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|01-21-08, 11:27 AM||#1|
Vista Users - UAC and You
If you don't want to know all the background information on WHY this is necessary, and just want to get WoW to work, then scroll down "Making It Work" below.
Are you having trouble installing addons? Are you changing files or deleting your WTF folder, but somehow magically WoW ignores the changes? If you're on Windows Vista, a new security feature called "User Account Control" is likely to blame.
About User Account Control (UAC)
Microsoft's Windows Vista is the latest generation of their Windows operating system. Along with new eye-catching features, Vista also takes a new, hard stance on security. This new stance, however, caught some programmers off-guard. As a result, these new features have caused some programs to operate slightly differently than expected, and unfortunately, World of Warcraft is one of them.
The new feature in question is called "User Account Control" or "UAC." UAC is a great feature that provides users with the security that they are not running as administrators all the time. *nix users will be familiar with this system, as the overwhelming majority of them will agree that you should not be running as root, and only give permissions to programs as necessary.
One of the restrictions imposed by this is that the Program Files folder cannot be modified without "escalated" (administrative-level) permissions. WoW (by default) does not run escalated, so it does not have access to the Program Files folder. You may, however, be aware that WoW needs to write files there! It stores all of your configurations (in the WTF folder), it stores the cache data (in the Cache folder), and it even puts some default addon keys there.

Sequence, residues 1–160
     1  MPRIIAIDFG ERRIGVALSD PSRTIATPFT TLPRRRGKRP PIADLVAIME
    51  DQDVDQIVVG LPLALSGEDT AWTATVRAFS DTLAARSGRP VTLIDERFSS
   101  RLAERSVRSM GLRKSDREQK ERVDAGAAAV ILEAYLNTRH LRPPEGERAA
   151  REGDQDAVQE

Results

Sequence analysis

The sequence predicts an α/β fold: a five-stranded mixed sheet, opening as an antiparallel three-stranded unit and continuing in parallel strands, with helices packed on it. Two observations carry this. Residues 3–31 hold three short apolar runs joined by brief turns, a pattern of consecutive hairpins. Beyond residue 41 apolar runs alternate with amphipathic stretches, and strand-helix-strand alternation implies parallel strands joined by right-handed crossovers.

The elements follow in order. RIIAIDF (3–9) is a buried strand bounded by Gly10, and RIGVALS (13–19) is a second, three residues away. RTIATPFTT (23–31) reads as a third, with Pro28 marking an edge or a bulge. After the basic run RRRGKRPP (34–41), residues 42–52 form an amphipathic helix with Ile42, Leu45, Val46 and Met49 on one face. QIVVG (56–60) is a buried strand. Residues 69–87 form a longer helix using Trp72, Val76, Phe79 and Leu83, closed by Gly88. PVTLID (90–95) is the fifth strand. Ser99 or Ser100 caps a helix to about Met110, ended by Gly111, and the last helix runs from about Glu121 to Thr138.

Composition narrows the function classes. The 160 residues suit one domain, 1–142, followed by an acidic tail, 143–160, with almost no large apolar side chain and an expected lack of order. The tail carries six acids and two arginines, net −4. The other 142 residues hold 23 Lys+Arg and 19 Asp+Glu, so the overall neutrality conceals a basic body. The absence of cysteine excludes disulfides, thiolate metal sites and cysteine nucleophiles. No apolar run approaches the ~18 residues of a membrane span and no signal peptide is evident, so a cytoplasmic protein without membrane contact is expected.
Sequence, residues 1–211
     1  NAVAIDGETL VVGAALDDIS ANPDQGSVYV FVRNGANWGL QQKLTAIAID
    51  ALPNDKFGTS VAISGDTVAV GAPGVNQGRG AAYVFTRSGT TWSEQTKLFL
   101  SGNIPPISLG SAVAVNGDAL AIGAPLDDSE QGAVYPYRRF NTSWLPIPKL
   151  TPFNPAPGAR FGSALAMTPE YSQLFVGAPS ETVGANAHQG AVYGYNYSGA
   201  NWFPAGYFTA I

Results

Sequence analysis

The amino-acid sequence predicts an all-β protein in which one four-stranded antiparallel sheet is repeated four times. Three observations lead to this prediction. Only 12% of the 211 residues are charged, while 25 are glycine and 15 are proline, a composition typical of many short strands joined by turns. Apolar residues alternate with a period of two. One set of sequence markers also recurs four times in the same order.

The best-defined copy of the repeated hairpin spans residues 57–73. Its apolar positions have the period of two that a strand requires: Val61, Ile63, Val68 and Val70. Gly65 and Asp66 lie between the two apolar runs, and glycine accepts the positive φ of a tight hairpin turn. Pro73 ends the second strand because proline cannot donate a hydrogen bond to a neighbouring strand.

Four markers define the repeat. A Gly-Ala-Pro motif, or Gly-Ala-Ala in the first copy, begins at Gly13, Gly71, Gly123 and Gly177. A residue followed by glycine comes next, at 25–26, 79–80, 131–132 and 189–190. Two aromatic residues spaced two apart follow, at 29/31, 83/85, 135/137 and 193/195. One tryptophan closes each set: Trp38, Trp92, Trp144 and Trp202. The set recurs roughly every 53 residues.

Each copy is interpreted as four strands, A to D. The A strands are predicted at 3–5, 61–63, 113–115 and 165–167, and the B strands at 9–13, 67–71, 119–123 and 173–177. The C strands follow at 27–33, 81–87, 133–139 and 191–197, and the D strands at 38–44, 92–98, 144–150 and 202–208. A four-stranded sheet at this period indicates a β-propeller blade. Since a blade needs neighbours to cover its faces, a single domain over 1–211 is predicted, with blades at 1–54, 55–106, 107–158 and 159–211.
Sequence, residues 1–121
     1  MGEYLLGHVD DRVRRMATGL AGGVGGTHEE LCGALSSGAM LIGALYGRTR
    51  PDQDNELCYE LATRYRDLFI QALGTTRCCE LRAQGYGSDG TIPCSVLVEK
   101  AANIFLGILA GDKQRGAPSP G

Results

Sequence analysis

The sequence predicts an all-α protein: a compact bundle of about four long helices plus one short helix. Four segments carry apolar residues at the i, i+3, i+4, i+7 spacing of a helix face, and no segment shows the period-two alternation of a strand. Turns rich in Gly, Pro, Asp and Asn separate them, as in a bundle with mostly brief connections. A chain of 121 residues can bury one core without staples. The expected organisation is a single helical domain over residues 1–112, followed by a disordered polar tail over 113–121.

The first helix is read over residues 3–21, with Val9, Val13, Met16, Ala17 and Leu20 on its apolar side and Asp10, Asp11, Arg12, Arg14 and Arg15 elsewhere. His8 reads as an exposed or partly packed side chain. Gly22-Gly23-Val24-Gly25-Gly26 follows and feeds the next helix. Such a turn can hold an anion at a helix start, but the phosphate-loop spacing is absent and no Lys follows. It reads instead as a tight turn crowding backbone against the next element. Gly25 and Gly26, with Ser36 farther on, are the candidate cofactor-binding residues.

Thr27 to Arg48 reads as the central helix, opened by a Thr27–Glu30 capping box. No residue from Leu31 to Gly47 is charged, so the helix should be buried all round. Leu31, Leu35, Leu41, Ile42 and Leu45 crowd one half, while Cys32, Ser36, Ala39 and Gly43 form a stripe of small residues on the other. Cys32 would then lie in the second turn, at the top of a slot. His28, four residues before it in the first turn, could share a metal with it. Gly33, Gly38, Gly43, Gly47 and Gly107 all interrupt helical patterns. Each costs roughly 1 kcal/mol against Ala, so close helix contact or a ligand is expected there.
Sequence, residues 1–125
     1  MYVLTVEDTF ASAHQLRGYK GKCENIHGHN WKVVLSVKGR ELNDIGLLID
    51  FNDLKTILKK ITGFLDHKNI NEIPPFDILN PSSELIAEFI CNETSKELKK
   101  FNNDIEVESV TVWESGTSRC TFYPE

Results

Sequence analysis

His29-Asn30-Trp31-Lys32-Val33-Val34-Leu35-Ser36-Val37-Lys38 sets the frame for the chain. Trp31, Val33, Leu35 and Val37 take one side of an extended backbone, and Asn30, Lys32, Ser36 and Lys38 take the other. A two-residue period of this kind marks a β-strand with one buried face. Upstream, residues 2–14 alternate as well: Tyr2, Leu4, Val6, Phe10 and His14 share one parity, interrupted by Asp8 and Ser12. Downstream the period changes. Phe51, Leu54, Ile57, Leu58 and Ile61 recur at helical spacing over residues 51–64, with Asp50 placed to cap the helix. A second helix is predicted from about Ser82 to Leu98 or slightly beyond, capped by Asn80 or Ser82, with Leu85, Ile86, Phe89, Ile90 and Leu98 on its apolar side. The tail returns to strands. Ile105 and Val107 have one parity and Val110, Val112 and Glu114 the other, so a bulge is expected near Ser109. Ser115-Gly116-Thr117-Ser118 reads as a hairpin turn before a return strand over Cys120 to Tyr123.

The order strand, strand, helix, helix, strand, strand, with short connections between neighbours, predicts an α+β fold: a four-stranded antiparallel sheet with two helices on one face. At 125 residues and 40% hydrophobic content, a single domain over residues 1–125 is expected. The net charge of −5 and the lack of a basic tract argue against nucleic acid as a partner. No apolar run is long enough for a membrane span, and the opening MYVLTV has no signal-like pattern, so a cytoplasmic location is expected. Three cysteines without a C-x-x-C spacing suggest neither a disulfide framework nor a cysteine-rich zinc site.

So why doesn't WoW just crash when it can't write there? Well, Microsoft was intelligent. They foresaw that older programs consistently used this folder to store configuration information, even though it has been strongly discouraged by Microsoft for years in favor of the %APPDATA% folder. So they invented this idea of "virtualization." If a program does not indicate to Vista that it is "UAC Aware" (via a "manifest"), Vista assumes that the program is not aware of the permissions restrictions. So, instead of denying access, it "fakes" write access. Anything the program tries to write or create in the Program Files folder then gets actually written to the "Virtual Store" which is located at C:\Users\[username]\AppData\Local\VirtualStore. If you go there and don't properly have WoW set up, you may even see that there is a Program Files\World of Warcraft folder there with various files that have been virtualized away.
Making It Work
So, how do we stop this? There are actually several solutions, though some are preferred over others due to simplicity.
UAC is a useful feature provided by Microsoft that enforces policies that have been encouraged a long time ago. Unfortunately, programs are still not up with the times, and thus these changes sometimes cause a few glitches along the way. UAC still can provide the security you desire and your programs can get along with it just fine, it just may take a little extra attention. With this attention you can be sure to have a secure user account while enjoying the world we all love.
It's my turn next.
Shakespeare liked regexes too!
Last edited by Shirik : 01-24-08 at 10:35 AM.
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